Today is a first step to wiping out some of the corruption that we have embedded within the system of Iraqi politics. And I think the young

people will continue demanding and protesting and supporting PM Abadi and his reform measures.

ANDERSON: Listen, it's about the economy and jobs that people have been protesting, and indeed about corruption. Behind all of this, though,

likes this U.S. campaign against ISIS in Iraq, which is of course entering its second year. It relies increasingly on Shia-backed militia backed by


What are the consequences for Iraq if that is perceived as the most likely strategy going forward, do you think?

JIYAD: Well, firstly we have to identify the fact that there's more than one component of the PMU, the Hashd al-Shaabi. There are Sunni units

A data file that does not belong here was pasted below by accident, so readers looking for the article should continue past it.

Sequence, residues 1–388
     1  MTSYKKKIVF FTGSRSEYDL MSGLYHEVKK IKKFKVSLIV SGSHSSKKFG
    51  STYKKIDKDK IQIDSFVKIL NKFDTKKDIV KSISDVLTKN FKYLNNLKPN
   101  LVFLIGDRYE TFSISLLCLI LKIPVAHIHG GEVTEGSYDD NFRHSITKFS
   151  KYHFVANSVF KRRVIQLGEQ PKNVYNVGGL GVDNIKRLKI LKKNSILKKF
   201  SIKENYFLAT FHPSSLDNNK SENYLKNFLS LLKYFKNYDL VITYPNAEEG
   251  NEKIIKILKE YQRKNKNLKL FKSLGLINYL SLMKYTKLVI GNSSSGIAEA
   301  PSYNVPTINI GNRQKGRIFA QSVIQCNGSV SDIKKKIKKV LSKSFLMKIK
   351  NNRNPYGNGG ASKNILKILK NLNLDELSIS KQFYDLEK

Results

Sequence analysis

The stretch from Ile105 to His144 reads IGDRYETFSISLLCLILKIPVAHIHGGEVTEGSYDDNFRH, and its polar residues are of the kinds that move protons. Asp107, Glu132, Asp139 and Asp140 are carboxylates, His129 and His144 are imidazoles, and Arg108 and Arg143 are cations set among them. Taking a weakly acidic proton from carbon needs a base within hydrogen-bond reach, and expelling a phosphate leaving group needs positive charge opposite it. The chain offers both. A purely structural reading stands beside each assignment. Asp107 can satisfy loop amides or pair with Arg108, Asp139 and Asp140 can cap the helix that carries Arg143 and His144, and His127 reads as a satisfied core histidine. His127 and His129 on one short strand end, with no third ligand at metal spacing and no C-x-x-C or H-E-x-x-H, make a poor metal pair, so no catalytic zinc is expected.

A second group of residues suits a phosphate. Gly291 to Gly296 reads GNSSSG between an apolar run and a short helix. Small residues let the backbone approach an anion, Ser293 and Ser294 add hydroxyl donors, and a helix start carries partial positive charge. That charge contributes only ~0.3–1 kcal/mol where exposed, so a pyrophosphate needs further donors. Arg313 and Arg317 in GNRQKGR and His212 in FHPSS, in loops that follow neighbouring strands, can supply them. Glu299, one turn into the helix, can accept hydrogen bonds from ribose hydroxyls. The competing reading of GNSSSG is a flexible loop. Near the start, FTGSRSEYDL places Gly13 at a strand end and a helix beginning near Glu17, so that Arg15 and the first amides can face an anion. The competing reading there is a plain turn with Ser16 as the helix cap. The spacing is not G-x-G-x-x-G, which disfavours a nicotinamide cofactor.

from various Arab tribes. There are Christian denominations taking part in the Hashd. And yes Iran is heavily invested in Iraq's security. At the

same time so is the United States. And for Iraq, they will take help from wherever they can.

At the moment, it's in their interest to take all available help from Iran. And of course Iran does not want to see Iraq totally destabilized.

At the same time, it obviously wants to maintain its leverage over Iraq's government.

I think in the long-term, the fight against Daesh will go well for Iraq, and this bodes for improved U.S.-Iranian relations. But at the end of

the day, Iraq will want to impose its sovereignty and say to the United States and Iran at the same time that, listen, we want to be able to make